Lately, books have been my salvation: It all started with my finally finishing Fates and Furies and continued through the strangely sparse and fascinating The Prime of Miss Jean Brodie, the seasonally appropriate and charming (and nothing like the movie) Practical Magic, and the creepy and un-put-down-able Sharp Objectswhich caused me to underproof a loaf of bread since using a razor blade made me feel nothing but horror inside. Now, I am slowly savoring The Book of Dusthoping to make it last for as long as I can.

I was inspired to read Sharp Objects after reading the New York Times Style Magazine feature on Amy Adams, who will star with Chris Messina in the HBO limited series.

It is hard to classify this piece by Marilynne Robinson, but it is as eloquent a defense as any that you’ll ever find of humanism, reading, thinking and of valuing the fragility of life.

I have yet to read Manhattan Beach and never read the famous The Visit from the Goon Squad or any other novel by Jennifer Egan, but I thought the recent article about her and her work in The New Yorker offered an interesting glimpse of her methods and path to writing fiction. It also made me a newly born fan.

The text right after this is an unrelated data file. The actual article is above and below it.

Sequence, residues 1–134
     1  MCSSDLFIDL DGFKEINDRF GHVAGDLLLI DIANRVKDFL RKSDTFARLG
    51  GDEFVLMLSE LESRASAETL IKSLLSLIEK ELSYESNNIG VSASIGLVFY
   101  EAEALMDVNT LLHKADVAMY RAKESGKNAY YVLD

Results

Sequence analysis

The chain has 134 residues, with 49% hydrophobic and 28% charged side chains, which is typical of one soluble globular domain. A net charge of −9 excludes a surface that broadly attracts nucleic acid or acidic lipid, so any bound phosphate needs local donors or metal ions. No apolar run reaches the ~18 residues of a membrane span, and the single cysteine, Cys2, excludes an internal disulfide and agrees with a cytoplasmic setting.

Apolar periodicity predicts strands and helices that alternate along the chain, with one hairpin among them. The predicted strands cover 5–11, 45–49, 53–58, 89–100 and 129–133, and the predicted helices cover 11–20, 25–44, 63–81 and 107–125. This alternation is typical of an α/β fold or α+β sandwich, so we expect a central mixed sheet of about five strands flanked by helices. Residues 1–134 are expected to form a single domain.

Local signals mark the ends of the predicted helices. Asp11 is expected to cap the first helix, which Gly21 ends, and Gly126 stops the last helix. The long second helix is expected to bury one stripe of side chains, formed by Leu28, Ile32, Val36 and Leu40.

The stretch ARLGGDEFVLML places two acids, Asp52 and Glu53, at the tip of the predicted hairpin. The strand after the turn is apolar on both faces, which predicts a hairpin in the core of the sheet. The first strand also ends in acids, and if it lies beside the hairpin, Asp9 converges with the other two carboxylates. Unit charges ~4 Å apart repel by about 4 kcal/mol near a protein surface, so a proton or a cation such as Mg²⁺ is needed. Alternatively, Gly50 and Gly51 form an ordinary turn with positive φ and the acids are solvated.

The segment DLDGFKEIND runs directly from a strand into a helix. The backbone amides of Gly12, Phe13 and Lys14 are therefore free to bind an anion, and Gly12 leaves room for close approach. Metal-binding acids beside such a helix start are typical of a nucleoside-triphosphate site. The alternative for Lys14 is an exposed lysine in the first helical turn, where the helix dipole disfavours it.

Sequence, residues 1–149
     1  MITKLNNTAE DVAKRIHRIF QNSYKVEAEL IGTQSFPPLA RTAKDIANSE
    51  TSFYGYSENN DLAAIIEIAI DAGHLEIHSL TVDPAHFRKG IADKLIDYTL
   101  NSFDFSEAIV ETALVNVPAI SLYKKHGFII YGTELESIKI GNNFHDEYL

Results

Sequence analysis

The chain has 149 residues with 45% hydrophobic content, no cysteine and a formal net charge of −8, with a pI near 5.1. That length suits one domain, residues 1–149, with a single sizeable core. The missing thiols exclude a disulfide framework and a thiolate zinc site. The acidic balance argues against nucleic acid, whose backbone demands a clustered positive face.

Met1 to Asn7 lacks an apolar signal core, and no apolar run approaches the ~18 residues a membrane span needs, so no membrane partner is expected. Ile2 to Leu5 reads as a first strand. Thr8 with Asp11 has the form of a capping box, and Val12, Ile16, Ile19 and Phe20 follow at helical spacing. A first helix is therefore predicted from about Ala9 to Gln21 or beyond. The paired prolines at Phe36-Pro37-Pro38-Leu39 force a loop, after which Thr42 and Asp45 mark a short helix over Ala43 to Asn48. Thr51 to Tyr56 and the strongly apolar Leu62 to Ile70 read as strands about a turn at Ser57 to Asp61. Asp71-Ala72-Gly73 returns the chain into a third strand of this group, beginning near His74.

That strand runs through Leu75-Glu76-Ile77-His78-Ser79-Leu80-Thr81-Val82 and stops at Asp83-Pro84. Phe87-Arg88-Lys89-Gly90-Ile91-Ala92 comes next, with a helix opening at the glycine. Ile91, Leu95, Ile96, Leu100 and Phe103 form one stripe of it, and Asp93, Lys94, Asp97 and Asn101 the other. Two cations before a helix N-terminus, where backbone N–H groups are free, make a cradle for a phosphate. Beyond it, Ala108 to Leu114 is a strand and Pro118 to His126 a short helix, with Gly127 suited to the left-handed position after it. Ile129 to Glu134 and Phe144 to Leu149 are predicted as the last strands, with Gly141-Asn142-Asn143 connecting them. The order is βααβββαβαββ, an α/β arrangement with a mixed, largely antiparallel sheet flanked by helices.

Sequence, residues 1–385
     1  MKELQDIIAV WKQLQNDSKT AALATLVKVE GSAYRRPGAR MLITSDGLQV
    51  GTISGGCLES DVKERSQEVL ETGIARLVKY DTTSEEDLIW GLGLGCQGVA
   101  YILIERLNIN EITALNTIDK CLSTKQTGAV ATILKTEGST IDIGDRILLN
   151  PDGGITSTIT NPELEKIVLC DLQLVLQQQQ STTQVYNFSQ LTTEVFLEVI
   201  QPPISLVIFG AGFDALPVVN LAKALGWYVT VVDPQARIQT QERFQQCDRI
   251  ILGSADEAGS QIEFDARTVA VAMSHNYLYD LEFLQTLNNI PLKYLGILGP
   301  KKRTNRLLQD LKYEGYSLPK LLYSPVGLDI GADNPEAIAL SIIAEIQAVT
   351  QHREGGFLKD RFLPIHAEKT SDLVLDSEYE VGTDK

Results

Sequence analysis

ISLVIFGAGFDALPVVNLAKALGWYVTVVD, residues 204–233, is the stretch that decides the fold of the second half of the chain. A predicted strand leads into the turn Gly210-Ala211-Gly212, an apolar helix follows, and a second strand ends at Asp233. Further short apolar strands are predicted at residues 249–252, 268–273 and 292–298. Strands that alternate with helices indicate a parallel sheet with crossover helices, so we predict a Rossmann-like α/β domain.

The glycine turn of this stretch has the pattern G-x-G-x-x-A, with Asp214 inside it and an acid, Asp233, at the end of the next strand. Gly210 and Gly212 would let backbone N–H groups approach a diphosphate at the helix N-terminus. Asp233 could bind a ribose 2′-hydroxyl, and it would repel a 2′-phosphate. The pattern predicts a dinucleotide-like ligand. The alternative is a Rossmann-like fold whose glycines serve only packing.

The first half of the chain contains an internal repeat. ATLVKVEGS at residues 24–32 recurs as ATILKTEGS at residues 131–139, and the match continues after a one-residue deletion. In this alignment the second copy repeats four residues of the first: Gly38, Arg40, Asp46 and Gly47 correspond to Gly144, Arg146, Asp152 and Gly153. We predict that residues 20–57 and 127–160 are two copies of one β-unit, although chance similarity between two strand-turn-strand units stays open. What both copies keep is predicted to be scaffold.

On the perils of lawn disputes.

We may not be moving to Texas, but Tex-Mex will always have a special place in my heart; these soft cheese tacos are a little over the top, but they are wonderful for a small dinner party; just don’t expect leftovers!

Given that I first ate and adored Georgian food back in the early 2000s, I now find the fact that its status as the current “it” cuisine to be both well deserved and more than a little annoying. That said, I think a life without khachapuri is a sad one indeed.

For anybody who needs a pie tutorial (I told you I’ve had pie on the brain lately; there is something rightly soothing about rolling out dough and, quite frankly, I like the challenge of achieving perfection), the recent New York Times video is as stylishly modern as it gets. But for those who have their dough rolling down and want to change things up a bit, a very old article by Melissa Clark offers lots of dough variations, as well as a few interesting recipes. The Brandied Pumpkin Chestnut Pie will be making an appearance on our table this holiday.